His father, Amory Houghton Sr., also left Corning Glass to become ambassador to France during the Eisenhower administration. His cousin was Academy Award winning actress Katharine Hepburn.
The future congressman graduated from St. Paul’s School in Concord, N.H., before serving in the Marine Corps during World War II.
After the war he attended Harvard University, from which he graduated in 1950, and then came back to Corning and the glass works founded in 1851 by his great-great-grandfather. He joined Corning in 1952 as a junior process engineer, became president in 1961 and CEO in 1964. During his tenure, the company's employment grew to 29,000 through innovations such as Corning Ware, Corelle Dinnerware, automotive catalytic converters, and specialized flat glass now ubiquitous on smartphones and panels.
During his time in Corning he also plunged into community life, serving as president of the Rotary Club and playing drums in a local swing band. But when he left the executive suite in 1983, his eye was on Washington.
By 1986, the businessman was following the family tradition of government service. When Rep. Stan Lundine ran for lieutenant governor in 1986 with then-Gov. Mario M. Cuomo, Mr. Houghton announced his candidacy to succeed him and easily returned the seat to Republican control.
He vanquished a succession of Democratic challengers every election following, even though Lundine had been the first Democrat since Reconstruction to win the Southern Tier seat. Mr. Houghton soon became a familiar sight in cities such as Olean, Hornell and in later years as far north as Auburn. Usually, he won elections with totals approaching or even exceeding 70 percent of the vote.
Though he hailed from a conservative district, Mr. Houghton’s special brand of Republicanism seemed to endear him to his constituency. He championed abortion rights, voted against impeaching President Bill Clinton and against permanently repealing the estate tax.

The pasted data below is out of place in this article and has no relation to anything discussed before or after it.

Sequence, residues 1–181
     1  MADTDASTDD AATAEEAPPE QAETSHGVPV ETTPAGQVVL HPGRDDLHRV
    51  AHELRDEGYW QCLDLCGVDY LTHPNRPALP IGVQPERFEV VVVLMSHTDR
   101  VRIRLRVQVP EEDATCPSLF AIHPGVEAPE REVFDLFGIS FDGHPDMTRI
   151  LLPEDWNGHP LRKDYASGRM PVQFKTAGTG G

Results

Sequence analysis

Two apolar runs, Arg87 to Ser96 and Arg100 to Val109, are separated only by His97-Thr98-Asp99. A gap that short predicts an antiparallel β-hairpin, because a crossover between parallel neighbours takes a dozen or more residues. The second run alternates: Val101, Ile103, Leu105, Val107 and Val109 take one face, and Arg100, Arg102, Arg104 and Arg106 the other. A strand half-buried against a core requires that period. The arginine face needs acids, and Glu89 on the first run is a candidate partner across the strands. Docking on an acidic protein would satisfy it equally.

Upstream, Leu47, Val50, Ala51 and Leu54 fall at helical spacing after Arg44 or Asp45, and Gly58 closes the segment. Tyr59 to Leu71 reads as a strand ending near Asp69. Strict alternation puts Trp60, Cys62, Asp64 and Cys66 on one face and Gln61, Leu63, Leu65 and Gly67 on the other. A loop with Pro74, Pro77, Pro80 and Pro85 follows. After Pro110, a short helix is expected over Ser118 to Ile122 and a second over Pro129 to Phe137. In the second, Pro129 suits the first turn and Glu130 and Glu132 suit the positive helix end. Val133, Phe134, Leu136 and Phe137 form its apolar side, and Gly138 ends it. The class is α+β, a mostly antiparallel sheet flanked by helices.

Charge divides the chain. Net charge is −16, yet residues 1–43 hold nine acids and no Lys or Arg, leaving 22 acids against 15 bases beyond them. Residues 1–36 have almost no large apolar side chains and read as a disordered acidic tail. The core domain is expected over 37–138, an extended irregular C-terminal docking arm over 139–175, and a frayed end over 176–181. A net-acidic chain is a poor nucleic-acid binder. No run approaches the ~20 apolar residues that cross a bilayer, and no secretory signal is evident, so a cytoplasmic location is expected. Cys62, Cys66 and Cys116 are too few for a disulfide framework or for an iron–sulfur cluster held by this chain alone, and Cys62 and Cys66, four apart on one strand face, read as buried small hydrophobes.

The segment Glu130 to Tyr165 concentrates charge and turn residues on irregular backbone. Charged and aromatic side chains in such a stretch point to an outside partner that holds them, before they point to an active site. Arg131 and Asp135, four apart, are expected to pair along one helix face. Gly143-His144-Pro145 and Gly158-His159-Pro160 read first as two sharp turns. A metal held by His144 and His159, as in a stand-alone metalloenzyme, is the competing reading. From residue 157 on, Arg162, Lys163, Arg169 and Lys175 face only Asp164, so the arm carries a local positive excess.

He also often voted with Democrats on the environment, civil rights, and funding for arts and education. In 2002, he emerged as one of the few Republicans in the House to vote against authorizing the invasion of Iraq. During that same period he helped pass tax breaks for New York City following the terrorist attacks of 2001.
During his corporate days, Houghton served on the boards of major companies such as Procter & Gamble, IBM, Citicorp, New York Telephone and others. He was also a trustee of St. Paul’s School, the Brookings Institution, a former member of the Harvard Board of Overseers, and a past director of the Episcopal Theological Seminary. He held 14 honorary degrees.
In 1950, he married the former Ruth West of New York City. He married again in 1989 to Priscilla Blackett Dewey – a playwright, lyricist and poet – and together they reigned as one of Washington’s elite couples. She died in 2012.
Though Mr. Houghton will be remembered for many accomplishments, his neighbors in Corning often point to his leadership during the Hurricane Agnes flood of 1972 that devastated the city and left 22 people dead. In a speech over emergency airwaves, he pledged that Corning Inc. would never leave and would rebuild bigger and better. He kept the pledge.
The former congressman is survived by two sons, Amory III and Robert; two daughters, Sarah and Quincy; and a brother, James (also a former Corning chairman); two stepsons, Toby Dewey and Peter Dewey; a stepdaughter, Kippy Dewey; nine grandchildren and one great-grandson.
A memorial service will be held in Corning at a later date, according to the Haughey Funeral Home in Corning.